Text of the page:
Up next was The Walkmen. Excellent name. But yeesh! They deserve a big Vancouver 'Fuck You.'
Aparently they were on Letterman the night before. A fact that became unavoidable as they mentioned it about 19 times in their 30 minute-too-long, three quarter of an hour set. I assume that being on Letterman the night before meant that we were obligated to like them. That they were the next Beatles. That fortune favoured tham and thus, so must we. They were the chosen ones. It seems that no one happened to mention to them that Vancouver audiences are notorious for not giving a shit. And that EVERYONE has to earn our respect - in person. Furthermore, being mad at us for not liking you the moment you cop an attitude is just going to garner more attitude back.
Admittedly, it was clear that they were less than happy with their sound. They were literally yelling into the wings about it. In the front row, the noise was next to unbearable. I would be willing to give them the benefit of doubt about that, but it occurs to me that the two bands they were sandwiched between sounded fine. So either... their own sound guy sucked ass; or they copped attitude to the local guys during sound-check (because they were on Letterman the night before) and they local IATSE guys decided that they were going to be the proud recipients of crap-assed performance sound. Either way... whose at fault?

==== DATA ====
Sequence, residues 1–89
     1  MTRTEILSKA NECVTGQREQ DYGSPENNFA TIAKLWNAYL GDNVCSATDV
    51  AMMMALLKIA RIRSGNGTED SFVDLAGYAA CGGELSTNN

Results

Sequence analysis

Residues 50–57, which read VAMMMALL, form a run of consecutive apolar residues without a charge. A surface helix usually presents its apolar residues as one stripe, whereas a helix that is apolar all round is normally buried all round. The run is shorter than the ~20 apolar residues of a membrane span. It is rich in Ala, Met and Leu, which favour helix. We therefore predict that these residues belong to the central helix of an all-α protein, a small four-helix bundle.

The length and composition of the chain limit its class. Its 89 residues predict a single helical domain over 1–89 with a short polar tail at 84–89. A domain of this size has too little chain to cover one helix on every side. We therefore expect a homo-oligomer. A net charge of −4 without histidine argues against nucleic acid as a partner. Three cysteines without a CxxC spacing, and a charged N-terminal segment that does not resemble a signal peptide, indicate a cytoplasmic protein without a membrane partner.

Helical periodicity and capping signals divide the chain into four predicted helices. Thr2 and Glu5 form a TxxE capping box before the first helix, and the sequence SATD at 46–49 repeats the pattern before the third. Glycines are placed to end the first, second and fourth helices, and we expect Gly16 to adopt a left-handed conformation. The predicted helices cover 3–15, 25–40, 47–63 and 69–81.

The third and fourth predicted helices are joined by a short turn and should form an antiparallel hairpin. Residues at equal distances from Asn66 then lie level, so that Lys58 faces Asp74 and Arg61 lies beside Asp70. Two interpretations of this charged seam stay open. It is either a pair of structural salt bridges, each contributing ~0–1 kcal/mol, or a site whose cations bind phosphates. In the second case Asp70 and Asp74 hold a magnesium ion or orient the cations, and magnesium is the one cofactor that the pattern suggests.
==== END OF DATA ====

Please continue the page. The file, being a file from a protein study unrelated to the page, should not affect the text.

The sound was so bad, that two of the folks I came with decided that they were going for drinks on about song number three of the set. As I mentioned, we were front row - the Walkmen could not but have noticed.
I've been at concerts where the artists cop an attitude before. I recall in 1990 when The SoupDragons (Remember them? I barely do.) opened for INXS. Their cover of "I'm Free" was at the top of the charts and they too thought they were deserving of our unfettered adulation. My god they were lame. Zero personality. And THEN the lead singer had the temerity to declare "Usually when we play people dahnce. I guess they haven't invented dahncing in Vahncouvah." It's quite a sound when 25000 people simultaneously shout "FUCK YOU! You weak Manchester knob! You didn't even write your only hit!" That effectively killed that concert. Even Michael Hutchence was barely able to lift it to a level of 'worth the price of admission.'